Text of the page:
github

Transpiled JS on Github?

If you’re maintaining a javascript project on Github there’s a good chance you’re using a transpiler. Most developers don’t publish transpiled code to Github because it makes your pull requests look messed up and it’s difficult to keep source and transpiled code in sync. Why would anyone publish transpiled code anyways? For node modules, if transpiled code is available on Github, the module can be installed directly from Github. This can be useful for people who can’t use npmjs for some reasons.
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Github repo license file

Github is without doubt one of the best things ever happened to open source software development. I, like many other FOSS developers, always use Github to host my projects. And like most of them I thought all of my public projects are by default open source. What we must understand here is that when we post our work online, it’s automatically protected by copyright laws unless we specify otherwise. This rule also applies to all Github repositories, both private and public.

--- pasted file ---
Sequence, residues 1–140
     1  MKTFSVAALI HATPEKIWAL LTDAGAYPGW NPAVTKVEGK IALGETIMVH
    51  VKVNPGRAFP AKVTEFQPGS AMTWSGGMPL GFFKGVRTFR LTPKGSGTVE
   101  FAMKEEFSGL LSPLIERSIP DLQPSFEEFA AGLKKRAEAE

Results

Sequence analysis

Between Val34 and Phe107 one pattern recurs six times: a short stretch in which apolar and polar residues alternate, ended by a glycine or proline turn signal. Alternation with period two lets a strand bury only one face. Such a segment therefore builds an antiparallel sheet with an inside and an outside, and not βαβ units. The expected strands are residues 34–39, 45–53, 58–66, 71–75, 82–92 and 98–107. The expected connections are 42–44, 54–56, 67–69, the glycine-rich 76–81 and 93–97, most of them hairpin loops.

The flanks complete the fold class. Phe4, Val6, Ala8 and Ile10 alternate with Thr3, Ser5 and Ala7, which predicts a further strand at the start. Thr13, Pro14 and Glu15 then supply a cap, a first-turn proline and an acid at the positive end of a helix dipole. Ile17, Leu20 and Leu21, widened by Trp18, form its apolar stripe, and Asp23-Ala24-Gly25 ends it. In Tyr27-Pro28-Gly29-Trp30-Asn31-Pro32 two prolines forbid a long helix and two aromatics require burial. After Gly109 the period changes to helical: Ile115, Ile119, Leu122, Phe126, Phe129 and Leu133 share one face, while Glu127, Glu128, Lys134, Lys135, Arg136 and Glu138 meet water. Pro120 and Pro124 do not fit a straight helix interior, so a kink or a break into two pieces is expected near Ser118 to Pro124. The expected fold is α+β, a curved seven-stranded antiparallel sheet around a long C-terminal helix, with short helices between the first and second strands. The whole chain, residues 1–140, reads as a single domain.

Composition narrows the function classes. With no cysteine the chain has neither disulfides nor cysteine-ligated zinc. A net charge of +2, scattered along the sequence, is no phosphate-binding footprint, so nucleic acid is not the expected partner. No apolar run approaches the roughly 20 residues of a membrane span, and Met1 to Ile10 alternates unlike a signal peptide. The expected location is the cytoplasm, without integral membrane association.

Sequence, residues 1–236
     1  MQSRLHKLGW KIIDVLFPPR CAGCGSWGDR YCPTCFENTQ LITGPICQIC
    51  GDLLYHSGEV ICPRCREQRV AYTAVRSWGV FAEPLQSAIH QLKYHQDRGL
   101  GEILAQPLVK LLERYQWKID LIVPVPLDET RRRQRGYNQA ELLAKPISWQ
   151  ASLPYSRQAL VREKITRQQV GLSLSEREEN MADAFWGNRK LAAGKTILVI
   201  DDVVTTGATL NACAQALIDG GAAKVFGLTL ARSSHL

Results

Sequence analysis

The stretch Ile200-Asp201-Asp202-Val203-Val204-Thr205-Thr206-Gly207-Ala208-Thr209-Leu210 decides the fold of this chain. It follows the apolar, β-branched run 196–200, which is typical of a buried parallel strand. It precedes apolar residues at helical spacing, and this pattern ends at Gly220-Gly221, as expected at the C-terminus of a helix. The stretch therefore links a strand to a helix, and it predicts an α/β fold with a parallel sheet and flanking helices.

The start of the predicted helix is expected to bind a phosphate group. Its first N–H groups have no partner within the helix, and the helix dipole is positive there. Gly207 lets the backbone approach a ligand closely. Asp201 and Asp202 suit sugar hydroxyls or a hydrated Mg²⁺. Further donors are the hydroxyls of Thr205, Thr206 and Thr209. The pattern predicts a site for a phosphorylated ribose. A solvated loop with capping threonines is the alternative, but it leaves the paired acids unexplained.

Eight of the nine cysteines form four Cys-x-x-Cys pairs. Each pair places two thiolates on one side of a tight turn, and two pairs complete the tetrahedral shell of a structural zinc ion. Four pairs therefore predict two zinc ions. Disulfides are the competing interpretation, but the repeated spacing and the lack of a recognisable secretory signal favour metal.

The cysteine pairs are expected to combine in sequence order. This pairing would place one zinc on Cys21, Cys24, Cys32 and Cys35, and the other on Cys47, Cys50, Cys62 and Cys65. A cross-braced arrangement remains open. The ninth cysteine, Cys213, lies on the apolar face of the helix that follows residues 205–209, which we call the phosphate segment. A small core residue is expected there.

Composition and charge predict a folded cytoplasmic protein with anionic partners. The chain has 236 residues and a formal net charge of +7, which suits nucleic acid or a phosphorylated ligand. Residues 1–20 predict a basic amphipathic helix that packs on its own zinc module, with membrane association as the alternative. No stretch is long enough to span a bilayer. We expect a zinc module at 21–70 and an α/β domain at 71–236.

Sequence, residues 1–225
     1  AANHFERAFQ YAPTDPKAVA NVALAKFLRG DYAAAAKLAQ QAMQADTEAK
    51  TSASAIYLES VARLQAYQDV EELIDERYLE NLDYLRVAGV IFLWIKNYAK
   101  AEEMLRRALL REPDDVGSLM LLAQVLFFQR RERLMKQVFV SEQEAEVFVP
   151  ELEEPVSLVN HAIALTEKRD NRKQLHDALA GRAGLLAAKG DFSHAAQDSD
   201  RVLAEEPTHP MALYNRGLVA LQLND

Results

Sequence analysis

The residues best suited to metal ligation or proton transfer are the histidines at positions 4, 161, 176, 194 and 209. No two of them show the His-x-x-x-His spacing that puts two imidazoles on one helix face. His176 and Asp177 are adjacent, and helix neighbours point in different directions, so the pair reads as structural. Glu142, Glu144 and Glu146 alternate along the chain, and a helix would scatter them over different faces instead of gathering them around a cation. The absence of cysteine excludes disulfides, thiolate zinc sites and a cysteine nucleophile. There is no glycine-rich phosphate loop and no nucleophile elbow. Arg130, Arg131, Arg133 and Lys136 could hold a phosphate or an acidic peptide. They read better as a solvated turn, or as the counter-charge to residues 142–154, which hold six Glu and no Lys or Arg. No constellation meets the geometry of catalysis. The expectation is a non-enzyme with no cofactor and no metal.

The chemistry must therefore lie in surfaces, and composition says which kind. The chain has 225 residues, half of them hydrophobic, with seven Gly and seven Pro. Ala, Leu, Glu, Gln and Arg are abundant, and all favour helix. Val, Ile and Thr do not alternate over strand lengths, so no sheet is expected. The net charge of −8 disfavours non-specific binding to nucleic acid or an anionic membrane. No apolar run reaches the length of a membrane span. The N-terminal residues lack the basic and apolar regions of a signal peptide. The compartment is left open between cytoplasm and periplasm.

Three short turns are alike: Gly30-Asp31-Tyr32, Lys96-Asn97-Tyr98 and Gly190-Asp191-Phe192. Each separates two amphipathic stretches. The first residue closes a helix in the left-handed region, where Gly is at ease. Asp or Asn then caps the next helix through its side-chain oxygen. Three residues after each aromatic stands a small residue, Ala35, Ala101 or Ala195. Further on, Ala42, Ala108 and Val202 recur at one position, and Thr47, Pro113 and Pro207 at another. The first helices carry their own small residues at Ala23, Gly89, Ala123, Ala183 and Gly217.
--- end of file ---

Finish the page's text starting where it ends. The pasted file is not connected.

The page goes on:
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When not to "Fork" on Github

When I first started using Github, just like many others I simply went ahead and forked each and every repository I liked on Github. But this makes no sense at all. Fork because the site says “Fork me on Github” When they say that they are actually asking you to contribute to their project with code, tests, docs or other stuff at Github. Simply forking the repo and leaving it like that is no use to them.
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Create an empty git branch

It’s really easy to create a new empty git branch with no parents (AKA orphan branches). First create an orphan branch with this command. git checkout --orphan newbranch Now you can remove any files in the directory and finally push it to a Github repository. git rm -rf * git push origin newbranch If you create branch in Github it’ll create the branch from master (which is what you’re going to do most of the time).
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